Can't ask for more than that.

Now, with the full knowledge that I'm unlikely to convince anybody of anything, let me address a couple of these issues...

To me, there's no comparison between Chicago and Boston denying Chick-fil-A a right to build because of what the CEO said and cities denying Walmart the right to build because they don't want big box stores. In the first case, politicians are being intolerant on a CEO's cultural/political views; in the second, they are saying that a specific kind of commercial development is not in synch with the broader view of how an area is zoned or should be developed. I think cities and towns are perfectly within their rights to do the latter. (On the other hand, if people want to deny Walmart a permit because they don't like the way it treats employees or vendors, that's a different story. It is more political/cultural, but still, I think, different from not liking the political/cultural views of the CEO.)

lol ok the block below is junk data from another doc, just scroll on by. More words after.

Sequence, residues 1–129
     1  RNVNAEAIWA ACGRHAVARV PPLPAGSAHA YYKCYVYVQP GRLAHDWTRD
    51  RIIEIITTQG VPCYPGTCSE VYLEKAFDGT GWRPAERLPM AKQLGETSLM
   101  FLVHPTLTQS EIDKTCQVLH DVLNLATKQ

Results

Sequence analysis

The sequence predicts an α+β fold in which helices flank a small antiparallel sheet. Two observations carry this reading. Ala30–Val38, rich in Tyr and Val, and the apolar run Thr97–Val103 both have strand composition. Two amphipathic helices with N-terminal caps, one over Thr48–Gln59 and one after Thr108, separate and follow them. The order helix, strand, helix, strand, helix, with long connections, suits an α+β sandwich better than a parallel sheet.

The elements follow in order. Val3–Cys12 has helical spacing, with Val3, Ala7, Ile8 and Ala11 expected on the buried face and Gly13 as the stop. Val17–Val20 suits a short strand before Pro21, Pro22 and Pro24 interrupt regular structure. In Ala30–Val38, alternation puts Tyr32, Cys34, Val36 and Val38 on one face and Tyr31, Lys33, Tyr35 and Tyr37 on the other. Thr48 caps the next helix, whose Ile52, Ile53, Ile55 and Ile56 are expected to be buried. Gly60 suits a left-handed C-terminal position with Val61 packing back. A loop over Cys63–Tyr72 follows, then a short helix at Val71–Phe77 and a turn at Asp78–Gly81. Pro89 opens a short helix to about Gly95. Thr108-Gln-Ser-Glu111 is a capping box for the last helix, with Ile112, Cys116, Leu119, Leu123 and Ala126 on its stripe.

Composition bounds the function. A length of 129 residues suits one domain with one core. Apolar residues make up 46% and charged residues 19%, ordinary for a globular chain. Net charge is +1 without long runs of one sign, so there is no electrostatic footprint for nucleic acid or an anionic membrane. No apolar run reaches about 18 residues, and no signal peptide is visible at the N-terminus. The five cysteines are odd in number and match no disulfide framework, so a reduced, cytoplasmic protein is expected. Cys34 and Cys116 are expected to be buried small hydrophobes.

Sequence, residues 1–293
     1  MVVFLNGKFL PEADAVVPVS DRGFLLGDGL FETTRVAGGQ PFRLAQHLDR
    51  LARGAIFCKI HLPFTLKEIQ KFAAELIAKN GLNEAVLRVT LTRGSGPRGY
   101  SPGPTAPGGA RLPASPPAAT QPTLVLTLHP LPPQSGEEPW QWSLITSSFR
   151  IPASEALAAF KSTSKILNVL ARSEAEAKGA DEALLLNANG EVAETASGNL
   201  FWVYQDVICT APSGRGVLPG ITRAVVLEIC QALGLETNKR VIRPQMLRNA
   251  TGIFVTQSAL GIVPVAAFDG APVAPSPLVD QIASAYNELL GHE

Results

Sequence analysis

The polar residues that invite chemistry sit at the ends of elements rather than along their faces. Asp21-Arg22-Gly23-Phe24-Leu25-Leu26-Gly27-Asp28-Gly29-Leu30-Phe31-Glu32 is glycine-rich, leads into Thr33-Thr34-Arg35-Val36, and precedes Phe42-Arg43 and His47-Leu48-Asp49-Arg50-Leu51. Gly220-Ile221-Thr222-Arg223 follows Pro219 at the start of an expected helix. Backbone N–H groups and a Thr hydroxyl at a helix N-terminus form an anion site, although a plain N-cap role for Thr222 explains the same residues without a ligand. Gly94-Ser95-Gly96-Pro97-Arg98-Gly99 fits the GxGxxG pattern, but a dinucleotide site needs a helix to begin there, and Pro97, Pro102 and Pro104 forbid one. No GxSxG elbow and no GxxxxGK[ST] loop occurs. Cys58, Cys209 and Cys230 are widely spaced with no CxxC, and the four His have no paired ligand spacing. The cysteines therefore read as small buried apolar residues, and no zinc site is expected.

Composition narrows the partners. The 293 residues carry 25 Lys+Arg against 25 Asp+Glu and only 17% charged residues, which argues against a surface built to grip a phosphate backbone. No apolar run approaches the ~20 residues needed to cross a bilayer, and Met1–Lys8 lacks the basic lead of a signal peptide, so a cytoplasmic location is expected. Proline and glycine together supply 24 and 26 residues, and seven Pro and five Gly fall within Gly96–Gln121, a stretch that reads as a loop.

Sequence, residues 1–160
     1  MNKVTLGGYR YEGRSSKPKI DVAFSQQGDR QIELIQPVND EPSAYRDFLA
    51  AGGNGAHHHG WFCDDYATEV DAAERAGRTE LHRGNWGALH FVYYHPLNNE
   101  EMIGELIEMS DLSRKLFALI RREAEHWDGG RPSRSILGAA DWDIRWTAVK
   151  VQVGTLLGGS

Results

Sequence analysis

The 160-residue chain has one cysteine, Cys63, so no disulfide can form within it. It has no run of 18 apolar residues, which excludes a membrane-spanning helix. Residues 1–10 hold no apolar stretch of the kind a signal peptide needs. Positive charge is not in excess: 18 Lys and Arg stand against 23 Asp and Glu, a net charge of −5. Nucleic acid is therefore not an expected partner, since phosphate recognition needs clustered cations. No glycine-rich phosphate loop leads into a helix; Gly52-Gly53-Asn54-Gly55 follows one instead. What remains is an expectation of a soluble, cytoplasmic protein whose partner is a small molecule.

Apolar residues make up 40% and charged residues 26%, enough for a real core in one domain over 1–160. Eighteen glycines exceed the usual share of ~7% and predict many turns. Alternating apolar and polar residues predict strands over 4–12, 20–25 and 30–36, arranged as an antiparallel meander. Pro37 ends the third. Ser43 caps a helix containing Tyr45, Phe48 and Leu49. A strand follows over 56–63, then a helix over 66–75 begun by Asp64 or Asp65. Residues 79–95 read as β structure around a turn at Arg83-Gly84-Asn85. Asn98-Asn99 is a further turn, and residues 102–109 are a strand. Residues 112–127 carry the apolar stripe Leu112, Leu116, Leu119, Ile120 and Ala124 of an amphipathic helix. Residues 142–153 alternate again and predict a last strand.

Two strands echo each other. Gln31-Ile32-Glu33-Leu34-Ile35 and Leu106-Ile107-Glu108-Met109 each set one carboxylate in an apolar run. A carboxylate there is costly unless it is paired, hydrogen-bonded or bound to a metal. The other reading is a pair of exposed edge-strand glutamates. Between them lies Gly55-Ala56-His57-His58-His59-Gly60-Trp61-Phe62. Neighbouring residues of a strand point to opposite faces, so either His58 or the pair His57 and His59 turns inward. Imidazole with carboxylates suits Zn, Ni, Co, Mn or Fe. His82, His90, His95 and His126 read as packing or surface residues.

As for people who think that elected officials are within their rights to reflect the opinions of their citizenry, it would be my humble opinion that intolerance is unacceptable, whether from a liberal who wants to punish a conservative CEO, or a conservative who wants to deny civil rights to gay people. And that's what I believe we are talking about here - civil rights. Not religious rights, or religious freedom. Just civil rights. (Note to the writer above: See? There really isn't any hope for me.)

I don't agree with what the CEO of Chick-fil-A said about gay marriage, but let's be clear. He didn't say he would not hire gay people. He did not say he would not serve them. He just said that he - and his privately held company - oppose the notion of gay marriage because they believe in the Biblical definition of marriage.